Laybourn, Keith (2014) ‘King Solomon’s mines cannot compare with the money that has been raked in by greyhound racing’: Greyhound racing, its critics and the working class, c. 1926 to 1951. Labor History, 55 (5). pp. 607-621. ISSN 0023-656X

Greyhound racing emerged in Britain in 1926 and, during its first quarter of a century, was subject to institutional middle-class opposition because of the legal gambling opportunities it offered to the working class. Much maligned as a dissipate and impoverishing activity it was in fact a significant leisure opportunity for the working class, which cost little for the minority of bettors involved in what was clearly no more than a ‘bit of a flutter’.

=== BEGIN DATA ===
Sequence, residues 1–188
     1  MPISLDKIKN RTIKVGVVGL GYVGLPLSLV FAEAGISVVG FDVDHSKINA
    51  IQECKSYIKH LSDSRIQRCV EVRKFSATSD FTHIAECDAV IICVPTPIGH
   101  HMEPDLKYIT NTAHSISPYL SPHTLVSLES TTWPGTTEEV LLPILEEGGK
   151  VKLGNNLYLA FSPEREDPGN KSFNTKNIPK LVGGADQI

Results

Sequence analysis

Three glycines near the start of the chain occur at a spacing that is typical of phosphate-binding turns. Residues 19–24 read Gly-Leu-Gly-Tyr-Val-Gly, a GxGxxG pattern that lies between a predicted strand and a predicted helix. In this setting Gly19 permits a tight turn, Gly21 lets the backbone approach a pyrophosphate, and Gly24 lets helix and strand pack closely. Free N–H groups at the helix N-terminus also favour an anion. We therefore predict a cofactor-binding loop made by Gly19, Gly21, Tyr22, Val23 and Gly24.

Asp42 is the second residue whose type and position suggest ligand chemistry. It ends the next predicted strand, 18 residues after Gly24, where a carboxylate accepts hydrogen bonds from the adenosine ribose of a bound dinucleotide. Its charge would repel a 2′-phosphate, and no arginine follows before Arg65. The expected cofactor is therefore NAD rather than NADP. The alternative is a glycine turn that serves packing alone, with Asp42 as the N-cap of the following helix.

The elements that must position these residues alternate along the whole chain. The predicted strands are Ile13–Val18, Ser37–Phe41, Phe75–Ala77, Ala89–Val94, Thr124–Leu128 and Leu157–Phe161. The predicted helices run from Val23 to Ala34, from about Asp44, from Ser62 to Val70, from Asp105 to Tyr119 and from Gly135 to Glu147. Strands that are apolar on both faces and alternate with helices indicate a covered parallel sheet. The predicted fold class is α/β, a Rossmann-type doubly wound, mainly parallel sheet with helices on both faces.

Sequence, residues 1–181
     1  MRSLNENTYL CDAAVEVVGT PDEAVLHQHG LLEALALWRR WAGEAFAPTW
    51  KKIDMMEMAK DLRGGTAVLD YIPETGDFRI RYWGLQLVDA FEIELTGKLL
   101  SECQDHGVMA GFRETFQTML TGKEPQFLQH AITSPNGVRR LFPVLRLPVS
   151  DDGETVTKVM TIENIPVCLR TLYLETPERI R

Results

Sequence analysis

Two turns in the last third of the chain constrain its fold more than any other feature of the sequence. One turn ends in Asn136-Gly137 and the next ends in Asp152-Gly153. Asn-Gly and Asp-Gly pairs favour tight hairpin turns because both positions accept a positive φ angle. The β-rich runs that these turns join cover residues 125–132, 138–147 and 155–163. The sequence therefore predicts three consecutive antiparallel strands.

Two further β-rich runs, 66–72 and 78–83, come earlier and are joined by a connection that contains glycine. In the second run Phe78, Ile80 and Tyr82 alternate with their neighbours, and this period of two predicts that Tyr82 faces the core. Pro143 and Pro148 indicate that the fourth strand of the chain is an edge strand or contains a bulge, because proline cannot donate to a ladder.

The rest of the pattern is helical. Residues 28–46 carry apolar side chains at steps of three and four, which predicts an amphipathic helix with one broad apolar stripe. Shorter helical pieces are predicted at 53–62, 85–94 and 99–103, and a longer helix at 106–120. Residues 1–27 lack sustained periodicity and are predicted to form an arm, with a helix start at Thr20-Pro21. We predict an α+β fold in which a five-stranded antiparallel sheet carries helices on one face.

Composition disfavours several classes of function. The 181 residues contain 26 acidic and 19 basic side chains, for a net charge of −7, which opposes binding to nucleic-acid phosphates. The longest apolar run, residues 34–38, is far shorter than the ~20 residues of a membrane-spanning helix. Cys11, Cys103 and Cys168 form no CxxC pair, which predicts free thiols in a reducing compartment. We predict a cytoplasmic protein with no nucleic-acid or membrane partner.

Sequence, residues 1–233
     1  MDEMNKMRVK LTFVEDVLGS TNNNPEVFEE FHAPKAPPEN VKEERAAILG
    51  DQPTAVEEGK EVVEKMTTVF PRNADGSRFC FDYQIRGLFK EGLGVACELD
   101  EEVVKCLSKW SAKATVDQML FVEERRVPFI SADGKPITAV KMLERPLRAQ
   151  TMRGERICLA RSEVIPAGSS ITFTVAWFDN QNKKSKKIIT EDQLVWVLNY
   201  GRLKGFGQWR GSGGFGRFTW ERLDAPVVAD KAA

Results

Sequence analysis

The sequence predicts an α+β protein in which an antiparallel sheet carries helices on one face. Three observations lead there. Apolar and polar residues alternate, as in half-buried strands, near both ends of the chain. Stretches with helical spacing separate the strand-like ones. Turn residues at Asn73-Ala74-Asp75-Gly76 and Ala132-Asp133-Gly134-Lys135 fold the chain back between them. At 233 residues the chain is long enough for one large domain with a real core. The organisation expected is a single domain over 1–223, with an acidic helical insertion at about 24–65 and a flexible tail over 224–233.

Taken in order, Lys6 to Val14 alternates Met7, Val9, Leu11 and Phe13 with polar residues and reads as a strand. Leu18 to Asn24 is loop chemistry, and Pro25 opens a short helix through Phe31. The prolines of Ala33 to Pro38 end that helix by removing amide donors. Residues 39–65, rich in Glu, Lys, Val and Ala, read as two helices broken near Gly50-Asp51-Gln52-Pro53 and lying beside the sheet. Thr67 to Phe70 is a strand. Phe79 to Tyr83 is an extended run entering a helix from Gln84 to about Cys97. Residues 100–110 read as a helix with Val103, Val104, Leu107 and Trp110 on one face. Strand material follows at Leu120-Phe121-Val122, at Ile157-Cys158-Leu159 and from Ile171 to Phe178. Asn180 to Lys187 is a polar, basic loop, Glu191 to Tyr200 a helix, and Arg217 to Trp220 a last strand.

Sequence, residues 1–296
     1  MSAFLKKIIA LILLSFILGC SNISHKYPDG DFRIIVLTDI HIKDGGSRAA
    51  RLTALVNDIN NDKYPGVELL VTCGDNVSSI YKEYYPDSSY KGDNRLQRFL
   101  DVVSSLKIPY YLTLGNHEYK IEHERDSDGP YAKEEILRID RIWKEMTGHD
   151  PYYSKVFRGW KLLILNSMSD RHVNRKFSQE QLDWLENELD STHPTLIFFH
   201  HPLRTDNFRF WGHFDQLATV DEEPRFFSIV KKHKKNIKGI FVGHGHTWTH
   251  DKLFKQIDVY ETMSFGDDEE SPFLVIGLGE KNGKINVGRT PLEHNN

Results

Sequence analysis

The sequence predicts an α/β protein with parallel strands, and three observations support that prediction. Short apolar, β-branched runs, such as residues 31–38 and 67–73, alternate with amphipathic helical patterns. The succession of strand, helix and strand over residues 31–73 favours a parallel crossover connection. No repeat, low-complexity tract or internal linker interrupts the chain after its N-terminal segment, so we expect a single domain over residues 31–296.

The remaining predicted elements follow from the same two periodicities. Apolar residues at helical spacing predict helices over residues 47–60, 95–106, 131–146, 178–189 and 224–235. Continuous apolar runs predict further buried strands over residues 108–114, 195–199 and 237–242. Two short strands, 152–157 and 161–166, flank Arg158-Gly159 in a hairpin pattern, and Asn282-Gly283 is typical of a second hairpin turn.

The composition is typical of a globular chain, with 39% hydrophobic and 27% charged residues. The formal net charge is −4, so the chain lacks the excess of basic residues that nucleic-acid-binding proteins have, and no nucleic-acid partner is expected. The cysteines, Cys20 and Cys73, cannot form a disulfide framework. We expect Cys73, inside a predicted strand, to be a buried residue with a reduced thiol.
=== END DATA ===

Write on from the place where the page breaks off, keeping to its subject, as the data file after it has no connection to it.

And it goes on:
LaybournGreyhound.pdf - Accepted Version

Download (199kB) | Preview
LaybournGreyhound.docx - Accepted Version
Restricted to Repository staff only

Download (68kB)


Downloads per month over past year

Add to AnyAdd to TwitterAdd to FacebookAdd to LinkedinAdd to PinterestAdd to Email